For instance, ABC has been allowing some advertisers who are exercising their second-quarter cancellation options to cancel more than the permitted percentage of their original order-thereby freeing up additional prime-time inventory for make-goods or sale to other advertisers.
Twenty percent of ABC’s second-quarter cancellation options have been exercised, insiders said.
The network also has converted about 10 percent of its on-air promotion time to create additional inventory for make-goods or sale. Whenever prime-time programs fall short of their allotted running time by a few seconds or minutes-a situation that happens most often with movies-ABC has converted that additional time into ad inventory as well this season. This season, ABC already had budgeted for a routine number of “shorts,” as they are called.
All told, such situations collectively have generated only an estimated 10 or so additional 30-second units weekly to use for make-goods or to sell.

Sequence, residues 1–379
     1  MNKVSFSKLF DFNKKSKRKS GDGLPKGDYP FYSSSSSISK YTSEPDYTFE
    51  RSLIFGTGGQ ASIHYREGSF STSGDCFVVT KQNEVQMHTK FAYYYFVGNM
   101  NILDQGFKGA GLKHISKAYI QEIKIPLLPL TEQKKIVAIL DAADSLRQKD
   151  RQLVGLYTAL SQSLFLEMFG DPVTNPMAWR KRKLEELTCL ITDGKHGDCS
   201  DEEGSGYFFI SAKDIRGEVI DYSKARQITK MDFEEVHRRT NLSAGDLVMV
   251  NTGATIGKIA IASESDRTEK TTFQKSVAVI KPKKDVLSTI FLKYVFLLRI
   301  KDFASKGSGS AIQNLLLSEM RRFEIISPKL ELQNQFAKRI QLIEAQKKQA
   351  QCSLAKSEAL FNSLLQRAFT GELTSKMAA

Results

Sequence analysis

“You’re talking about creating a handful of units a week, which is nothing compared to the thousands of units they are giving away,” said one industry source.
Some of the revenue shortfall in prime time is being offset by $15 million more generated in news-related advertising during the fourth quarter (especially from “Good Morning America” and ABC’s “World News Tonight”), which could swell to a $30 million advertising revenue windfall by the end of the season, ABC sources said.
ABC’s daytime schedule is delivering advertising revenues according to budget but is expected to generate increased revenues the second half of 2002. “So you do have some of this prime-time mitigated by some of the other dayparts,” said an ABC executive who asked not to be identified. “It’s not as bad as it looks, because we’ve been able to do a lot of these other things and realize upside in other places.”